After pressure from the San Jose City Council, the city’s police department late Friday, released body-worn camera footage of recent protests over the police killing of George Floyd.
“Body-worn camera video is an essential component in investigations and in maintaining the public trust,” Police Chief Eddie Garcia said in a statement. “Coming up with a process of releasing videos of significant public interest is the right thing to do and we are eager to have that in place soon. Releasing these three videos is a positive step in that direction.”
The body cam footage shows three different incidents — two on May 29 and another on May 31 — where police encounters with residents led to injury or suspected injury. One video on May 29 shows an officer using “offensive and unacceptable” language, according to the police department website.
Mayor Sam Liccardo, Vice Mayor Chappie Jones, Councilmembers Raul Peralez, Lan Diep and Magdalena Carrasco urged the police department to release any body cam videos showing use of tear gas, rubber bullets, batons or physical contact in a June memo by and again in another Aug. 26 memo.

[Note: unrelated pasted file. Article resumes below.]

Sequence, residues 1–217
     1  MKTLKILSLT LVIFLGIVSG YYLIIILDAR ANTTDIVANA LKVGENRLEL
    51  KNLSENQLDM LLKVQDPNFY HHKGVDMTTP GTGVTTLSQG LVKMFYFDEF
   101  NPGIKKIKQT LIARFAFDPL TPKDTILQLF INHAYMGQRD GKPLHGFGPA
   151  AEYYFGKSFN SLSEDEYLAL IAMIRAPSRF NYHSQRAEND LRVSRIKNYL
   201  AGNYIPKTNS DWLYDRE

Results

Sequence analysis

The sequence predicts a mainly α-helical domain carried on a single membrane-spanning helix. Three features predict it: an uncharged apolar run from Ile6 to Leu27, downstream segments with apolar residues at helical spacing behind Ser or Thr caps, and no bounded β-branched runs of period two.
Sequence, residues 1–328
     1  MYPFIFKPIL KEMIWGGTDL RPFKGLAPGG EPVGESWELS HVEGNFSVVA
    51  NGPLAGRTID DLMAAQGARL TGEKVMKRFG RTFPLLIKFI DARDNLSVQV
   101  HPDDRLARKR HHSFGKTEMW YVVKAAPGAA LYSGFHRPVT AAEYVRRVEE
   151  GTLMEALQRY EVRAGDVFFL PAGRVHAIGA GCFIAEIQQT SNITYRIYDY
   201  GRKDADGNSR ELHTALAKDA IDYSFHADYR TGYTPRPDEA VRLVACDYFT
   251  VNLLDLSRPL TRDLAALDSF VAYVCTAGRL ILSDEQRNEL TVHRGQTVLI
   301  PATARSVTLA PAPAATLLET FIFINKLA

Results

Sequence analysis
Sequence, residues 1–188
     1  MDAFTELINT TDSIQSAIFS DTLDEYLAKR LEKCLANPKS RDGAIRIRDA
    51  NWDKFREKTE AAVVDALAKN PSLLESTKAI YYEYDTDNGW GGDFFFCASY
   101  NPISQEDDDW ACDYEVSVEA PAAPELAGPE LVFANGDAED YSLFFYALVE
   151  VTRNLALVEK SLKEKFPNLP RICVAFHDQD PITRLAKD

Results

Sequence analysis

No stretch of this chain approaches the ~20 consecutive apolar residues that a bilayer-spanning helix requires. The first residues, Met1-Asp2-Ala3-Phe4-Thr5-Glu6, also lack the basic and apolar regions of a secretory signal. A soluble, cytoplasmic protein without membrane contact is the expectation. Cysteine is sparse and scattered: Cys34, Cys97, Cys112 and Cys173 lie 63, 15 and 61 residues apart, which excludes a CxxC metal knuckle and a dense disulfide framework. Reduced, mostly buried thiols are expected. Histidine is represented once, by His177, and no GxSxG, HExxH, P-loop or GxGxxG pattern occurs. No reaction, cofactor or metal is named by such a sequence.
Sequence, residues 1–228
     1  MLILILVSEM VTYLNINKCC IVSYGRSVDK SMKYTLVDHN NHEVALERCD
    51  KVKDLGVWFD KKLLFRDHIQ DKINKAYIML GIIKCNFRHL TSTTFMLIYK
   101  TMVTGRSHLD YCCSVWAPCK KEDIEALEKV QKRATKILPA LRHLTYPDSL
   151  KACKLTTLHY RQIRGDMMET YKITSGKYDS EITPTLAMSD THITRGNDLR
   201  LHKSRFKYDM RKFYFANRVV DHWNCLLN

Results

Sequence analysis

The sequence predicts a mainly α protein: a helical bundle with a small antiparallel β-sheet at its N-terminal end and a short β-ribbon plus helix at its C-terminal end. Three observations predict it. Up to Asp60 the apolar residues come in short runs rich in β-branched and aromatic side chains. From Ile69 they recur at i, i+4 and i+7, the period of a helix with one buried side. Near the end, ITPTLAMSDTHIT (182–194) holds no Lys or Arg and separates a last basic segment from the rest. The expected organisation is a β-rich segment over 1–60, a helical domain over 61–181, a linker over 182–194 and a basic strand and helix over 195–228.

The first video shows a traffic collision between an officer and a resident suspected of looting during a protest May 31. The suspect was injured and taken to the hospital in custody, but refused medical care.
The second video from May 29 shows officers trying to control a crowd of protestors near Highway 101 and Alum Rock Avenue. An officer used a baton to push a protestor back who was trying to confront the officer. After the protester swung at the officer, they were wrestled to the ground and handcuffed. The protestor was sent to the hospital to be treated for injuries received during the encounter.
The third video from the same day shows an officer using foul language against a suspect who threw a bottle at an officer. A foam baton round was fired at the suspect before they were arrested. It is unclear as to whether they were injured as a result.
“We appreciate the police department’s response to the direction of our memorandum and hope that the process we have laid out will continue to make future body-worn camera footage releases more immediate and transparent to the public,” Liccardo said in a statement.
Last month, the police department compiled other videos showing police use of force and posted them on YouTube.
The videos can be found on the San Jose Police Department website.
Contact Carly Wipf at [email protected] or follow @CarlyChristineW on Twitter.